In a series of occasional blog posts, participants in our Mellon Scholars Internship and Workshop programs will introduce themselves, discuss their experiences at the Library Company, and share their goals for pursuing careers in the field of early African American history. This program is generously funded by the Andrew W. Mellon Foundation.
Writing about myself is often one of the most difficult things to do. I mean, I could tell you my name is Sherri Cummings, I am a "native New Yorker," and I majored in Africana studies, history, and literature at Brooklyn College. I could also tell you that before my professor encouraged me to apply to the Mellon Scholars internship program at the Library Company of Philadelphia I had never heard of the institution ... and yet, I am here.
I am here because of my fascination with Atlantic world history, from the 17th century to the 19th century, and its relationship with the African Diaspora. My love for literature, especially from these time periods, and my profound interest in the history of Africa and her children in Europe and the Americas were the sparks that ignited my scholarly journey. For my graduate studies, I intend to explore the ways the events transpiring in the Atlantic world, from the 17th to the 19th centuries, affected the descendants of Africans in the United States, the Caribbean, and Europe. I would also like to explore women's narratives within this context because women's narratives are so often overlooked.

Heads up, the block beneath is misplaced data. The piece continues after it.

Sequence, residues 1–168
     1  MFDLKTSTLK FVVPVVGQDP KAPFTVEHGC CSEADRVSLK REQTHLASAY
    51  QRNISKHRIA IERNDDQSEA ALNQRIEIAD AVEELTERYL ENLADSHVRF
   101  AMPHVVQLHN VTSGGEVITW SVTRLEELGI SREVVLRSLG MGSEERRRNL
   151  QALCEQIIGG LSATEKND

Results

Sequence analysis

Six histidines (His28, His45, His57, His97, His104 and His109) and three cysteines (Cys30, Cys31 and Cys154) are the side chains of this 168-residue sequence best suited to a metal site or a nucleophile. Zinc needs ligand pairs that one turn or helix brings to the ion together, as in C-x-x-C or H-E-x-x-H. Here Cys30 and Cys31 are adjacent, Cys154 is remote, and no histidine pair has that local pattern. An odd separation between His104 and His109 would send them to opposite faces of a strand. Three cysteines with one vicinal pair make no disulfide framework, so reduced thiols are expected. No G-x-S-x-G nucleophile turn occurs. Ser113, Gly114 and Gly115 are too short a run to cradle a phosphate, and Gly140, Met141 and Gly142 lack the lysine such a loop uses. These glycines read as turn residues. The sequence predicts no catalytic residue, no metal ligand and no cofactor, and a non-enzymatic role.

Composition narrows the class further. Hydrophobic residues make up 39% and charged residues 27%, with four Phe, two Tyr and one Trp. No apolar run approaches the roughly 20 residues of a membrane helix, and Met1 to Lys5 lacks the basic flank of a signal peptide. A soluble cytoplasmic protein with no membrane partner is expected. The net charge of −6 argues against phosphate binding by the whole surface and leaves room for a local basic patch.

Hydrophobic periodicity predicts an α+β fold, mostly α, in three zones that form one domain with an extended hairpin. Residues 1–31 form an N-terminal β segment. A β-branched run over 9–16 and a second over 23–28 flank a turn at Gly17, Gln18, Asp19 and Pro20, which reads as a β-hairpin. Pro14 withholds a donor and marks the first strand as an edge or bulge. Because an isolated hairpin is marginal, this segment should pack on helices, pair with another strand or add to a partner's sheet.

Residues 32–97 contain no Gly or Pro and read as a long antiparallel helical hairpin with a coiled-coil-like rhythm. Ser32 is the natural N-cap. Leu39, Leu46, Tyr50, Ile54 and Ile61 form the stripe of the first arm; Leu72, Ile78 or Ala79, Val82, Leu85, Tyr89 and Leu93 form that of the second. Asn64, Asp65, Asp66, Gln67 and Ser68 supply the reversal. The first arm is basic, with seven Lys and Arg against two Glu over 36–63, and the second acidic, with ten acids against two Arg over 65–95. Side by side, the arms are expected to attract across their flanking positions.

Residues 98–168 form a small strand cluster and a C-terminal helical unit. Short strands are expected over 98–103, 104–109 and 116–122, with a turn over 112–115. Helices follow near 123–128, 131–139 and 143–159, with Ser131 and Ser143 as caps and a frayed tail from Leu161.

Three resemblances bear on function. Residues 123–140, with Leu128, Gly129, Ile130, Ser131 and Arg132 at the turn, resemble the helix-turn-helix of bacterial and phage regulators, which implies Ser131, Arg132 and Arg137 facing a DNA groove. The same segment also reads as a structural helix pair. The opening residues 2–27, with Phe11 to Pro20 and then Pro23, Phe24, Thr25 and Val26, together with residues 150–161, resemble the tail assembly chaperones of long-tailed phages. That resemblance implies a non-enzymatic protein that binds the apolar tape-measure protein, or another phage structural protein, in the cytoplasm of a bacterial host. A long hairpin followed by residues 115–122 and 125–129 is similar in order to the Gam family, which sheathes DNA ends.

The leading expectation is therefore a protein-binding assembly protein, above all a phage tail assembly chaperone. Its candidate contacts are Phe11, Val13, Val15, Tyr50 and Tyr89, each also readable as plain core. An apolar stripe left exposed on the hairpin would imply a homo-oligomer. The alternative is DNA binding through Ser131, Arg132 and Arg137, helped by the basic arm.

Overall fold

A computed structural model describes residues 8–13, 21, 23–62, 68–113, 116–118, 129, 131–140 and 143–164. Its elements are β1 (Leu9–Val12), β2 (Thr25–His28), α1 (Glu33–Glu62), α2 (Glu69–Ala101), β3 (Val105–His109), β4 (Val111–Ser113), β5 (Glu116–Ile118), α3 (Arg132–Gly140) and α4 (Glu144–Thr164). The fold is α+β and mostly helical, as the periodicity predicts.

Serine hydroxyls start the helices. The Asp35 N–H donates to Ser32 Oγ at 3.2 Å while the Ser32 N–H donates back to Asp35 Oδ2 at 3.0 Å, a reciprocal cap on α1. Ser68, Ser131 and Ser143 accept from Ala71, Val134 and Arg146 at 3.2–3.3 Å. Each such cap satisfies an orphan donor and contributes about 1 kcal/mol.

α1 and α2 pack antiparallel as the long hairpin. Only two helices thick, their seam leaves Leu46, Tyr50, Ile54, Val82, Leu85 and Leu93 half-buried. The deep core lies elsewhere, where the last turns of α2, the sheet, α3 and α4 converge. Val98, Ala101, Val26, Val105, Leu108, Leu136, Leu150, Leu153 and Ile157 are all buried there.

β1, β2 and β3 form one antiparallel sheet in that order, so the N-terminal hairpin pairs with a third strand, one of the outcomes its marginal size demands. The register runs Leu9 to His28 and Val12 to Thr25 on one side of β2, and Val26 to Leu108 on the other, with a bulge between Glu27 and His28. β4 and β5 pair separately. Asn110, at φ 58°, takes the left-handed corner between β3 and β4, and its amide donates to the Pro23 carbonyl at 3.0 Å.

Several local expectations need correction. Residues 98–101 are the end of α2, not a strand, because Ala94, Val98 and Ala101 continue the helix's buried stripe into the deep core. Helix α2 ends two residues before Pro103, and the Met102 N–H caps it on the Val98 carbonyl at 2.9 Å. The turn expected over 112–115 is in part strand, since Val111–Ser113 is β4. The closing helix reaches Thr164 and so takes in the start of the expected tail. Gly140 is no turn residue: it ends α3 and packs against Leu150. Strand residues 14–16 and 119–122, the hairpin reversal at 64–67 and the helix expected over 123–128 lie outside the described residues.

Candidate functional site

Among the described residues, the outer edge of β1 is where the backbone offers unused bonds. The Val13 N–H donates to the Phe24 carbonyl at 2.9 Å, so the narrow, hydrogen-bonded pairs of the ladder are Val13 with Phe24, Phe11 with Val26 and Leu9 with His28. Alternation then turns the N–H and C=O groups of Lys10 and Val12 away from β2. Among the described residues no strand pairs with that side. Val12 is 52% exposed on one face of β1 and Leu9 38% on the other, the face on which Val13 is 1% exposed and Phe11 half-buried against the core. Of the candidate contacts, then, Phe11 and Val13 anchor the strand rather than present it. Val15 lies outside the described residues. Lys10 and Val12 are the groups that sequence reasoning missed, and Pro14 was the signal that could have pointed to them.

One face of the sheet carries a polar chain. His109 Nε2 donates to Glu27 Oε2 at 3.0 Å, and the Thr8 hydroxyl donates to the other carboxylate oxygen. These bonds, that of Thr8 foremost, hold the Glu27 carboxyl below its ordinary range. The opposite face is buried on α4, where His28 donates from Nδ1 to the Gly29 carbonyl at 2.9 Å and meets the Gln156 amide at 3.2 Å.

|Y. J. Grice. "To Miss Martina," from the Martina Dickerson|
Friendship Album (circa 1840-1846).
This leads me to my independent research project here at the Library Company. I have chosen to examine the effects of the Saint Domingue (Haiti) Revolution on the City of Brotherly Love, paying close attention to the response of the African American community as they sought to define their space in the capital of the new republic. In doing so, I hope to place black Philadelphians in a transnational context actively reacting to occurrences in the 18th- and 19th- century Atlantic world that would ultimately shape the fight for liberty, equality, and the abolishment of slavery in Pennsylvania.
|Frontispiece from Saint-Domingue, ou Histoire de ses Revolutions (Paris, 1815). Hand-colored engraving.|
Mellon Scholars Intern, Summer 2014